Tuesday, June 14, 2005


As promised, here is the first installment in my project plan of blogging topics, namely "How I actually came to own a pillow called 'My Brest Friend,' and how said pillow has made my life immeasurably easier."

The first thing I need to get off my chest (ironic, no?) is that I am simply not the sort of person who would purchase a product with the ridiculous and humiliating name of "My Brest Friend." Perhaps it's the marketing professional in me, or perhaps it's just that I don't like to reward the person or company who came up with such a name by giving them my hard-earned cash.

But as I've learned after having a child, you must lower your standards. For example: Four hours of continuous sleep? Heaven! Taking a shower every day? The ultimate indulgence. Remembering to eat lunch? A bonus.

So once Evan was born, I wondered how exactly the human race had sustained itself for centuries when breastfeeding is so damn hard. Really. Here's an illustration to give you an idea of the agony I endured. I honestly would go through childbirth ten more times (with an epidural, of course) before experiencing the pain of the first five weeks of nursing my son. I am talking extreme pain, and this from a person who I SWEAR is not a wimp. In fact, I've always prided myself on my high pain tolerance. However, I was popping the Darvocet they gave me in the hospital two at a time. When I went to refill my prescription, a note that said "High Dose Alert" popped up on the pharmacist's screen -- meaning they could tell that I had been taking the maximum dose because of how quickly I had returned for the refill! I'm pretty sure that was the low point.

So after a couple of weeks of cracking, bleeding, crying and picturing myself hooked on painkillers like Jack Osbourne and Rush Limbaugh, I finally consulted a lactation consultant. She took one look at me and pronounced my condition "severe nipple damage." That was another low point, yes. But this was the beautiful day that I met my new Brest Friend.

Yes, it's true. The MBF pillow, however silly the name, became my knight in shining armor. Just to give you an idea of the mechanics, you fasten the pillow around you, and it positions the baby perfectly and helps you avoid a "bad latch-on," as they say. One use and I was hooked. You strap it on and feel a little bit like a blackjack dealer. Actually, you could cover it with green felt and use it as a blackjack table for a Halloween costume. (So Martha Stewart of me.) Future Halloween costume or no, the MBF was worth every penny, and I will shout its praises from the rooftops forever and ever, amen.

So, what did I learn from my experience? First of all, the first few weeks of motherhood are simply about survival, because you have to throw quality of life out the window temporarily. (At least until the baby starts smiling at you and/or sleeping more than five hours at night.) It just goes to show you that it's never wise to say "I'll never..." when it comes to having children. You never know when you're gonna have to swallow your pride, suck it up and gird yourself, literally, with your Brest Friend.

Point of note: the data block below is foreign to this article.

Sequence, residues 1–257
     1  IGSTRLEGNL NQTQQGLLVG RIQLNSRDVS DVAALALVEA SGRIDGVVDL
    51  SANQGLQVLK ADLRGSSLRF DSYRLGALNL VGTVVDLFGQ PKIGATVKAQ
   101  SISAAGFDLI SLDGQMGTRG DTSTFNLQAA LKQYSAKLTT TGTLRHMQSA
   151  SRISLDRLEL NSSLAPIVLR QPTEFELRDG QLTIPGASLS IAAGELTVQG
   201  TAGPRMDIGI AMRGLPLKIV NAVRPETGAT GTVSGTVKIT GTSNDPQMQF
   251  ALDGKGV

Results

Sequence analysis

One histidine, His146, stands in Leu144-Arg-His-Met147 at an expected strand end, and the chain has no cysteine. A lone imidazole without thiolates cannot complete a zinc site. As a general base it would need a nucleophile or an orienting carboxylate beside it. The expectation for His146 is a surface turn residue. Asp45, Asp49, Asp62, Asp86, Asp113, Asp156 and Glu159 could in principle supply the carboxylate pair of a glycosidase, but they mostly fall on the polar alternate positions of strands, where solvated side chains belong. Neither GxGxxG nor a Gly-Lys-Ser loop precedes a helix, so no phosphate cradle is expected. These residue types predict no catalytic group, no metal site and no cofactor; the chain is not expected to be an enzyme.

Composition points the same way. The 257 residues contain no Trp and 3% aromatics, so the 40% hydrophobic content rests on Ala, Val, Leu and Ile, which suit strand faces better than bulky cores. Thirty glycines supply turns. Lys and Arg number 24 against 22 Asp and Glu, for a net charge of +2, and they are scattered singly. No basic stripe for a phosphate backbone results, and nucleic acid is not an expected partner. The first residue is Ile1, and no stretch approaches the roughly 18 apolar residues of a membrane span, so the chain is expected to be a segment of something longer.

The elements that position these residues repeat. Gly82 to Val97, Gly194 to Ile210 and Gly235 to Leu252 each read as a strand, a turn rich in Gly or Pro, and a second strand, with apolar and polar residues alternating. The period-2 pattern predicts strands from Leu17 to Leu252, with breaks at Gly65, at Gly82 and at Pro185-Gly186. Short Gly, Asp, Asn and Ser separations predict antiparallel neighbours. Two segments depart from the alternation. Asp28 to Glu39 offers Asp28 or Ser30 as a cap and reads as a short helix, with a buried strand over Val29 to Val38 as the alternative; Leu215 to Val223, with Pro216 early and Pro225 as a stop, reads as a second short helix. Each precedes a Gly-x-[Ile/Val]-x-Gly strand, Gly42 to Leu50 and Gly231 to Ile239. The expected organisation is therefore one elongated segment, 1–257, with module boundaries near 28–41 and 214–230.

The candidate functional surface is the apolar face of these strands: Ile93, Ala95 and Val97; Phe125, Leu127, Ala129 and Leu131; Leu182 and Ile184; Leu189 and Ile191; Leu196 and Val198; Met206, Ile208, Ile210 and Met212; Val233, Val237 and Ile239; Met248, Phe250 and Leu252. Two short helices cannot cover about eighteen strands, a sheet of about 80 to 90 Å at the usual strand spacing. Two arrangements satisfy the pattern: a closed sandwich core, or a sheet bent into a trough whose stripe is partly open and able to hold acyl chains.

undercover celebrity said...

Welcome back!
I must tell you that I find great comfort in your baby blogs. I have a sense that pre-your-baby we have similar feelings about having children. Definitely want them. Like them. Think they're adorable. But I want them to be logical and rational and not mess up my life too much. And, to be honest, I'm not exactly sure I'm prepared to handle the no-sleep, much-poop and spit up phase of life.

Anyway, hearing that you are making it through with flying colors -- as is evidenced by that little gem you call Evan. You are brining me much comfort.

...right up until you mentioned "severe nipple damage" the words make me cringe and my chest cave in a little.

Good luck with all that!

undercover celebrity said...

Also... welcome to the interview game... not sure how this will work into your blogging project plan, but best of luck to you.

Question 1
What’s the worst/most humiliating job you’ve ever had?

Question 2
Would you rather be 4-feet tall or 8-feet tall? Why?

Question 3
Shove. Marry. Push-off a cliff. (please place the following men into a category) Balky Bartokamus. Mork. Kramer.

Question 4
What did you want to be when you grew up?

Question 5
What was the meanest thing you did to your sister whilst still a child?

Poka Bean said...

seriously, my brest friend is the worst name of all time! but i'm glad you overcame the horrible naming of the device long enough to try it and figure out it was the key to easing your troubles. you've come along way, baby, and the bubby's got the cheeks to prove it.

Carolyn said...

I'm so proud of you for continuing on to breastfeed even after severe nipple damage. You are my hero. I had to stop after two weeks and then rely on pumping after that. I just couldn't deal with the pain and bleeding and watching my son spit up blood after breastfeeding. And I, like you, always prided myself on having a high threshold for pain. And while I know my son is happy and healthy now, I went through such mommy guilt. Women like you who push through the pain really amaze me.

karla said...

I can't tell you how often I have said the EXACT same thing--that I would go through pregnancy and childbirth again a hundred times before agreeing to go through breastfeeding again. I have a high tolerance for pain, so I was shocked at how painful it was, and how seemingly unable I was to endure it. I only made it one month. I hadn't heard of that goofy-named pillow, or I'd have given it a shot. Too bad.

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